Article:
Sometimes eating healthy can be a real pain first thing in the morning. All those traditional breakfast things— toast, French toast, Pop-Tarts, Cheerios, hot oatmeal— all now on our Not For Us foods list.
But how about some pancakes? Tasty pancakes smothered in butter, perhaps with some sugar-free syrup? We can do that. Here is my favorite pancake recipe, which makes one serving of pancakes.
2 T (tablespoons) full-fat cottage cheese or cream cheese (or 1 T each)
1/2 T ground flaxseed
1/2 T melted butter or melted coconut oil
1/8 t (teaspoon) sea salt or seasoned salt
Put all your ingredients in a small mixing bowl. Yes, even the butter/coconut oil, it’s part of the batter. Use a hand blender or mixer to blend the ingredients until smooth. You can also use a hand-crank egg beater/mixer if you are off the grid, but this will be harder work if you’ve used cream cheese.
Heat up your frying pan for about 5 or 6 minutes. Then add the butter or cooking oil you will be using to fry your pancakes.
Add the batter to the pan. I have used this recipe to make a large pancake of the crepe/blintz variety, but for breakfast pancakes I used to make three pancakes. These pancakes are thin and hard to flip, so you might do 6 or so little ‘silver dollar’ pancakes.
Since I fry my pancakes in butter, I pour leftover melted butter from the pan onto the pancakes once they have been put on my dish. Easier than putting cold butter on them and hoping for it to melt.
You can use this pancake recipe for a variety of purposes. I’ve made a filled low-carb blintz with it. I’m thinking of making a hamburger/cheese filling and making a blintz version of my mom’s cheeseburger turnovers.
Notes on ingredients
Cottage cheese, cream cheese: don’t use low-fat versions of these. You need the fat to make you feel full, and to keep you in a state of ketosis. Most people on ketogenic or strict low-carb diets will find their cholesterol numbers improving on the diet, so don’t worry about the fat.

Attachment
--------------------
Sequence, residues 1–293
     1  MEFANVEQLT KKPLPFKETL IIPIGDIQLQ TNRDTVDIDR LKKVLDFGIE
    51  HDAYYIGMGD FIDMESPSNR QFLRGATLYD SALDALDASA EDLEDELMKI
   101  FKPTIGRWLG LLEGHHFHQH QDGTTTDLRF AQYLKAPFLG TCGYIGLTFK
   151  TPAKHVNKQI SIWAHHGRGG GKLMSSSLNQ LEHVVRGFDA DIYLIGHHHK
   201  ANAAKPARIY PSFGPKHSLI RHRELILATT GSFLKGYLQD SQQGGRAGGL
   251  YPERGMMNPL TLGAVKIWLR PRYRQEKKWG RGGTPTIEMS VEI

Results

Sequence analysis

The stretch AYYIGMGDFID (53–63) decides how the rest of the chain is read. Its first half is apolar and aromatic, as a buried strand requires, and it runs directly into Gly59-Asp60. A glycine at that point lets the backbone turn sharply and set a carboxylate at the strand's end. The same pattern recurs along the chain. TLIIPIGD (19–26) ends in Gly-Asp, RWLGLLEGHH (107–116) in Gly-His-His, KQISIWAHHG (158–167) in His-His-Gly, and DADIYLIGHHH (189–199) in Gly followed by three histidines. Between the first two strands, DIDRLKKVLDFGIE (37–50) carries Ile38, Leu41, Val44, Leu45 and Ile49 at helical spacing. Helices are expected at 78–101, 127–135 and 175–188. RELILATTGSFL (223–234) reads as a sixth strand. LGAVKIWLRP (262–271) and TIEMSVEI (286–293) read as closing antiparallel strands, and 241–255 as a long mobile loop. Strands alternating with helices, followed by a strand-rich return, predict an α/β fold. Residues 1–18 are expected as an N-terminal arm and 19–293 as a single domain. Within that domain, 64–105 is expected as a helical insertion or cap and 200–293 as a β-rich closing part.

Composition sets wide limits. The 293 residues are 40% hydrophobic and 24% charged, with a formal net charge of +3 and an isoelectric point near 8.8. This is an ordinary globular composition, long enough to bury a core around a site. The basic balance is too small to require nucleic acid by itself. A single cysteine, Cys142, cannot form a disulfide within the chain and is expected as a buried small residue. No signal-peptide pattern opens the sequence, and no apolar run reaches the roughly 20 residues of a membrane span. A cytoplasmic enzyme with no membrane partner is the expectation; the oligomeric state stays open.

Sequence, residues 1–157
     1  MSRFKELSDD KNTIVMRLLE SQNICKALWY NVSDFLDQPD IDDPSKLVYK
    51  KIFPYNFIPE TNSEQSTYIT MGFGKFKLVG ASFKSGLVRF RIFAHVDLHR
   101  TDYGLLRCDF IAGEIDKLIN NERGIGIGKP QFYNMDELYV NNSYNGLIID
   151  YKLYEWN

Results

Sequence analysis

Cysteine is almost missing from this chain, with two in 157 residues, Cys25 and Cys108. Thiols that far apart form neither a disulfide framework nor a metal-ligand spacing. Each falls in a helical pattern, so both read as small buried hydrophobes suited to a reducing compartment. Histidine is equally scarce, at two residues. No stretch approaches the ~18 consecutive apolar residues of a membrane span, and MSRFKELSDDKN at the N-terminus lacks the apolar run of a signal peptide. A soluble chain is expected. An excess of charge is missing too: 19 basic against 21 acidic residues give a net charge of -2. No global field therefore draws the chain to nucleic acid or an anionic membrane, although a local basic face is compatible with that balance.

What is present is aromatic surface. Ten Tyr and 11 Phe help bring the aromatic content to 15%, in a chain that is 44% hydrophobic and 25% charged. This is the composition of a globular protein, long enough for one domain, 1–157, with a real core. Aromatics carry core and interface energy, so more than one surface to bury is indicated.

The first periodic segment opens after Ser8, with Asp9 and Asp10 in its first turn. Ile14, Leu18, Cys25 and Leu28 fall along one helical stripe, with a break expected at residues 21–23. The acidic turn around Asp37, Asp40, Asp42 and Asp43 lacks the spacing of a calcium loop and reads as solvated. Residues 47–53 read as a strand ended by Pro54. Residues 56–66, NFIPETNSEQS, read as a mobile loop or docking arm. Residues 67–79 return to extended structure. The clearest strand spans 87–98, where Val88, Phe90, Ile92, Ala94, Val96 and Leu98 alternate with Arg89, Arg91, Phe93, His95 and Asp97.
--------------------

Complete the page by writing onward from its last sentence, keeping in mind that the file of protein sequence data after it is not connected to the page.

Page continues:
If you are worried about the dairy— well, it is possible to make a yogurt out of coconut milk (the kind you buy in cans). Don’t use a low-fat variety of coconut milk, and check the labels of different varieties, some have added ingredients you don’t want in your coconut milk. If the coconut yogurt doesn’t work so well in the recipe, perhaps you could make coconut yogurt cheese— you put yogurt in a strainer lined with a coffee filter overnight, letting the whey (or whatever that stuff is) drain off. I have done this with home-made dairy-milk yogurt, but haven’t tried it with coconut milk yogurt. Dana Carpender’s recipe book 200 Low-Carb High-Fat Recipes has a recipe for coconut yogurt on page 51. I find her recipe books VERY useful, so I’d suggest giving her a try.
Ground flaxseed: In the original recipe I adapted for these pancakes, it called for soy flour. I don’t care to put soy in my diet, except for soy sauce, so I have tried alternatives. Ground almond, pecan or walnut is nice but the batter will be thinner. Ground flaxseed plumps up the batter a bit. A little bit.
Butter/Coconut Oil: You may have read old-fashioned recommendations to avoid butter at all costs. The up-to-date science says otherwise. And coconut oil is very good for a ketogenic diet— a diet which is proven to be good for your heart.
Salt: When you stopped eating a processed food diet and started eating a healthy low-carb/ketogenic/Paleo diet, you cut out most of the sources of salt in your diet. Many of us when we start cooking healthy omit the salt. Don’t do this. Salt makes food taste better, and tasty low-carb food helps you resist the temptation to have ‘just a little’ processed food. Also, you can actually feel sick after a rapid switch from salty processed food to very-low-salt home-cooked low carb food. And your blood tests can show that your sodium is low.